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JAMA 100 Years Ago
February 4, 2004


Author Affiliations

JAMA 100 Years Ago Section Editor: Jennifer Reiling, Assistant Editor.

JAMA. 2004;291(5):640. doi:10.1001/jama.291.5.640-b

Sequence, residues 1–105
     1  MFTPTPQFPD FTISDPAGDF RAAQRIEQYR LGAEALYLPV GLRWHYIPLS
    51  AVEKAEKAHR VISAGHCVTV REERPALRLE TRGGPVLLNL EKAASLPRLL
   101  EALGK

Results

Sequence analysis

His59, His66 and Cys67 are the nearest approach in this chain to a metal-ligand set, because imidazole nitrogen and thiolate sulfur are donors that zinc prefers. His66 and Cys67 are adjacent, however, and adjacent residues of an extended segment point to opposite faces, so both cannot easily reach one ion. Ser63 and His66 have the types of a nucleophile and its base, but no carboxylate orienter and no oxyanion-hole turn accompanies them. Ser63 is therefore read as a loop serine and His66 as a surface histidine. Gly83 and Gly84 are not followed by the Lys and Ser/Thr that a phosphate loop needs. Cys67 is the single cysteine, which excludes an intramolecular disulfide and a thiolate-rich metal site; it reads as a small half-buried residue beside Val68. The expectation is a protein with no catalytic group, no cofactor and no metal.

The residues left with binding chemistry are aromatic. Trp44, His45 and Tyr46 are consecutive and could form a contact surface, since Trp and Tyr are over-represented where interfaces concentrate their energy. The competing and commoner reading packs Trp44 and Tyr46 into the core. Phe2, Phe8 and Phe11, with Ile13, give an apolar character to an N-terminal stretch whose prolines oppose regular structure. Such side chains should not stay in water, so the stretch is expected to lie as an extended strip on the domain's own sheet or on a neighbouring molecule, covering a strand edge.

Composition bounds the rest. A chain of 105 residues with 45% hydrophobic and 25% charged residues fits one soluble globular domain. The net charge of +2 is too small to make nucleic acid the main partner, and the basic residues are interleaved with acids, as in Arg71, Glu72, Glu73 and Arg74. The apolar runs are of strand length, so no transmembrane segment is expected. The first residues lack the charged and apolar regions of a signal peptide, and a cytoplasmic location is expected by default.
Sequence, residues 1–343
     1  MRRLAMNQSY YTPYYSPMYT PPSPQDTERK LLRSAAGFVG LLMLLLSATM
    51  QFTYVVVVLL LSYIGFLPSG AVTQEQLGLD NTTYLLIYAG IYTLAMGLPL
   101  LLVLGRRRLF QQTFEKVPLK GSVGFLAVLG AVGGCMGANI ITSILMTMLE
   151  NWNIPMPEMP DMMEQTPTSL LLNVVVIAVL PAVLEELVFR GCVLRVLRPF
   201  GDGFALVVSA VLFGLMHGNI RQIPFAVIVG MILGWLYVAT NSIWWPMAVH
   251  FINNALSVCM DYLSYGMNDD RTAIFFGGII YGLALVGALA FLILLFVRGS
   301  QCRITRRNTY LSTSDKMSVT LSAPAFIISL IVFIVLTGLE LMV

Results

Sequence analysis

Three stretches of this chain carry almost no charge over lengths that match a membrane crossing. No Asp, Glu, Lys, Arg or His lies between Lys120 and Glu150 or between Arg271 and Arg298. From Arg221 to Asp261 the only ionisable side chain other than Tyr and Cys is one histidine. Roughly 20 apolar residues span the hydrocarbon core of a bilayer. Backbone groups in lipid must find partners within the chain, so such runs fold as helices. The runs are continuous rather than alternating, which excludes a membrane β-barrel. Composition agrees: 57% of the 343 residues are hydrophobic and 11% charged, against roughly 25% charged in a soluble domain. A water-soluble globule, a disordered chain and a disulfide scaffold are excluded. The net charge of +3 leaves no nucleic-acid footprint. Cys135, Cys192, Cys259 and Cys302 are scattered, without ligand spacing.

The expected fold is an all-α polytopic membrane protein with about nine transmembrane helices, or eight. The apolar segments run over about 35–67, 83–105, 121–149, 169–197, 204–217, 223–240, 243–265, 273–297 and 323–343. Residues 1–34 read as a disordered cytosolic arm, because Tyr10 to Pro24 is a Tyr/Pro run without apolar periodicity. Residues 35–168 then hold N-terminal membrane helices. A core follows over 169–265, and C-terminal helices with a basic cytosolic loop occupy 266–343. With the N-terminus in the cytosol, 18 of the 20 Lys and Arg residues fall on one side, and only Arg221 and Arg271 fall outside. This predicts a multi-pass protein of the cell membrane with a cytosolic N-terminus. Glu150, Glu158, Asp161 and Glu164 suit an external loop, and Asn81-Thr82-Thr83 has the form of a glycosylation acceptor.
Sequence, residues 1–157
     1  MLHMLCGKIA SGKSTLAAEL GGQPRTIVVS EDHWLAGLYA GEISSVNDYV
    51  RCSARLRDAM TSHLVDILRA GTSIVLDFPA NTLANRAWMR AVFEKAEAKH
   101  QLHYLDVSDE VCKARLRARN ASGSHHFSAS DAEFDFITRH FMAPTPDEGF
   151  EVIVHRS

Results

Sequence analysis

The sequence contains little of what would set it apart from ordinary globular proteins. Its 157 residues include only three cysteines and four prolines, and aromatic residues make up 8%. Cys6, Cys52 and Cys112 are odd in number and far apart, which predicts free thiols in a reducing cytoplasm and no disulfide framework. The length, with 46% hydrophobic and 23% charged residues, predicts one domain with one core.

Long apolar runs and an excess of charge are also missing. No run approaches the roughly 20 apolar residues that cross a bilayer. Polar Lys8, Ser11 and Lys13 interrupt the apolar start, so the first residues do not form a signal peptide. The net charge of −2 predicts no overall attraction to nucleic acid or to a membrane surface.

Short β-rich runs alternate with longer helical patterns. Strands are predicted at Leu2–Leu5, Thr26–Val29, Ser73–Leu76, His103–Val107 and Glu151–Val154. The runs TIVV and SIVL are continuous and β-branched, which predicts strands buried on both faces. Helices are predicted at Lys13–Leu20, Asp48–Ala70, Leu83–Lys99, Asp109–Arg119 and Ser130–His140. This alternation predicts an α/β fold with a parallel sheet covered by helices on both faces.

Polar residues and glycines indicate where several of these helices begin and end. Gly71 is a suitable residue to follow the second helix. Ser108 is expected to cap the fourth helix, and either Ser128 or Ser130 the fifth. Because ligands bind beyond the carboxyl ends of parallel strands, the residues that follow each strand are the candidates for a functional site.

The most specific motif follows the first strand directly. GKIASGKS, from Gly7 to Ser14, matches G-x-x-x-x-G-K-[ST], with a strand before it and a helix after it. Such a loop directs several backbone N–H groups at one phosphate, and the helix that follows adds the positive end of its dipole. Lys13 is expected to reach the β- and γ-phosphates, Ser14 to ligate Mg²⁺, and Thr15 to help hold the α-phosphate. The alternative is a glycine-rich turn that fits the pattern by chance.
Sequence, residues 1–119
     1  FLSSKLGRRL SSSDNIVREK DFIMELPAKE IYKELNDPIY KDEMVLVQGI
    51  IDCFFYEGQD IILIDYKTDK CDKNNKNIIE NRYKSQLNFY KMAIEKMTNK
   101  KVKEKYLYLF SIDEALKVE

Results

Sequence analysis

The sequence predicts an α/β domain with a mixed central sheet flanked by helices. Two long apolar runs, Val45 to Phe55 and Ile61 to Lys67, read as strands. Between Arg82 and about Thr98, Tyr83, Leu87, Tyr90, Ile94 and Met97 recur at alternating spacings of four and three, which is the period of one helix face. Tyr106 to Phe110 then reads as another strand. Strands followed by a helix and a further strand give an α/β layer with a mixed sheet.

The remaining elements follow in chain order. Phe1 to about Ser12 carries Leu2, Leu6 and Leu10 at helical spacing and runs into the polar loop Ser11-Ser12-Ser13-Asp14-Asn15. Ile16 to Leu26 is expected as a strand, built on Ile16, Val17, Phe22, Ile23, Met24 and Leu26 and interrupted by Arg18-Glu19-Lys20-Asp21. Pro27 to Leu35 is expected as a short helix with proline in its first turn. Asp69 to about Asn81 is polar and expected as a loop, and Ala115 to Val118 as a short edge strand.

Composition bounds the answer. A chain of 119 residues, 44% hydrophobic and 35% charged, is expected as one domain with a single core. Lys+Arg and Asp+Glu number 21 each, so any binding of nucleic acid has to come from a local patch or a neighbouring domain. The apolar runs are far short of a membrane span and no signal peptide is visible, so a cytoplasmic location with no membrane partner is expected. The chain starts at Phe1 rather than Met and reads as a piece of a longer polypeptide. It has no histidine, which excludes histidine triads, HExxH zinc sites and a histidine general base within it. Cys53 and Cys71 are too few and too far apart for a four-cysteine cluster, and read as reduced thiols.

It has long been recognized that injuries to the head, generally with but sometimes without fracture, may be responsible for brain abscesses appearing weeks, months or even years after the injury. The rôle of such injuries in the production of neuroses and psychoses has been universally recognized and in some quarters greatly exaggerated. The physician who is not in touch with modern psychiatry is often too willing to assure the relatives of the insane patient of the absence of inherited predisposition and to place the blame on some injury that no one had thought of for years. It is still unsettled whether injuries to the head can cause brain tumors, but a history of trauma is obtained in a small percentage of cases, particularly of sarcoma and glioma.

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